Max current draw of the Arduino Nano? (64 LEDs, piezo, etc)

After losing my first circuit board when a wire accidentally touched some wrong trace and blew the 5V regulator on the arduino. Next time I am using a socket to connect that nano to my main board. I was unable to desolder the nano off my board. Why did I not use a socket?!?

Anyhow, I am thinking my design may needs to be changed. My project is based on this instructable:

http://www.instructables.com/id/810-LED-Matrix-with-4017/

The 4017 decade counter, 595 shift register, and an 8X8 LED matrix driven by transistors is all powered by the +5V regulated pin on the nano. Now I am thinking that may not be the best idea. Should I have the power come from the VIN instead?

Thanks for the guidance! :)

That many LEDs will easily exceed the current capability of the Nano's voltage regulator. You should have a separate 5V power supply with the ground connected to your Arduino ground.

If you have some other voltage power supply (12V, 9V etc) then that can power Vin on the Arduino as well as the LED array.

Thanks, that makes sense. I will just have the +voltage that leads to the VIN of the nano just continue on to power everything else. So, quick question, the nano is powered at 5V, and the I/O pins lead to a 4017 decade counter and 595 shift register, I trust the nano will still be able to successfully provide high enough signals to trigger the logic chips, etc?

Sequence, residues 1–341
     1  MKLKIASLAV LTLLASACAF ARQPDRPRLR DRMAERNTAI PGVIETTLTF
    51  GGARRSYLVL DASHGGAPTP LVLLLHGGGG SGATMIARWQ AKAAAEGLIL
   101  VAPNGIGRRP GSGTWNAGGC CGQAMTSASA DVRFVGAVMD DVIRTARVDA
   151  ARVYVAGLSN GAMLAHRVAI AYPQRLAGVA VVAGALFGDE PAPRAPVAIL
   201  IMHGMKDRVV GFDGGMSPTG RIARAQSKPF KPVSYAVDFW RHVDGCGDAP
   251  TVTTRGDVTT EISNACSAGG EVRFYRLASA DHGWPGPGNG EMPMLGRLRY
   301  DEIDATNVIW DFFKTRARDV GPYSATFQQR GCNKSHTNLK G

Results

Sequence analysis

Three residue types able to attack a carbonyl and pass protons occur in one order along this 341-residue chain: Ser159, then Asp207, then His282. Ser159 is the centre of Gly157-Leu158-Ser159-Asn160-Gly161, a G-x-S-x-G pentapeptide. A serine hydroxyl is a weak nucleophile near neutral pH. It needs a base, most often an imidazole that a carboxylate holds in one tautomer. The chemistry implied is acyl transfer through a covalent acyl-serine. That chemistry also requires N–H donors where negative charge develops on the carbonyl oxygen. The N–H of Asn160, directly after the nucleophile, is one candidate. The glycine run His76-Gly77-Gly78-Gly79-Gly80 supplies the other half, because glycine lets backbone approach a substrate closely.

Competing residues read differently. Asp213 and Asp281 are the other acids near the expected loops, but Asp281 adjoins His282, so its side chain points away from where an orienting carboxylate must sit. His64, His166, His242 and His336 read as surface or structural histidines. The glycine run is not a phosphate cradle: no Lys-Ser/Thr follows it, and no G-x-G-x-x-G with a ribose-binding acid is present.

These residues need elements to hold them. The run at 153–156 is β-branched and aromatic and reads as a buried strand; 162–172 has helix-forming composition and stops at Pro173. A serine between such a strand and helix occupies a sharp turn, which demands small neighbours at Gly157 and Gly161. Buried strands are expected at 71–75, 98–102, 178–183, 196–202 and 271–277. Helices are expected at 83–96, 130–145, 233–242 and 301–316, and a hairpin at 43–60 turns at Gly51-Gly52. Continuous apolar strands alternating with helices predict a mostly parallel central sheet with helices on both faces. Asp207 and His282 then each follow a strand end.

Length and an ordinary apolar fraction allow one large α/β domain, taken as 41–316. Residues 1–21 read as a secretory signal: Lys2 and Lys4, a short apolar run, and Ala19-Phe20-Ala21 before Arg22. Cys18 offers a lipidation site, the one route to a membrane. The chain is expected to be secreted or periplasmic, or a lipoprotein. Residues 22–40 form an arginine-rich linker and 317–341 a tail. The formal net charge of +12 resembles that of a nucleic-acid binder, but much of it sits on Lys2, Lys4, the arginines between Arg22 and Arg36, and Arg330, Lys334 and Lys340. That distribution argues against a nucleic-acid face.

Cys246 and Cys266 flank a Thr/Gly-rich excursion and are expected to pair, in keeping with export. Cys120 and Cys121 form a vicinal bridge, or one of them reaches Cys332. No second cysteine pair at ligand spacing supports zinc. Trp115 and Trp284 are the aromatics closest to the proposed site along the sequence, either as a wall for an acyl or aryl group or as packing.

If te Arduino is running on 5V (internally, generated from the Vin) and the logic with e.g. 12V (same voltage as Vin), you're probably calling for trouble, specially if an 12V output is being connected to an input pin on the Arduino.

Not knowing your circuit makes it difficult, but the 4017 datasheet specifies a minimum Vih of 7V (if the 4017 is powered with 10V). So the Arduino will never be able to supply that.

The 5V output of the Arduino might be strong enough to drive your (off-board) logic; feed the leds with 12V.

// Edit Max supply voltage for 74HC595 is 7V, by the way.

I suggest that you consult the datasheets of the components that you use.

I was using my test circuit today. I was testing it with a +6V, 300 mA power supply and then with 4AA batteries. Both seemed fine. Logic inputs of the nano were responding fine to my switch inputs.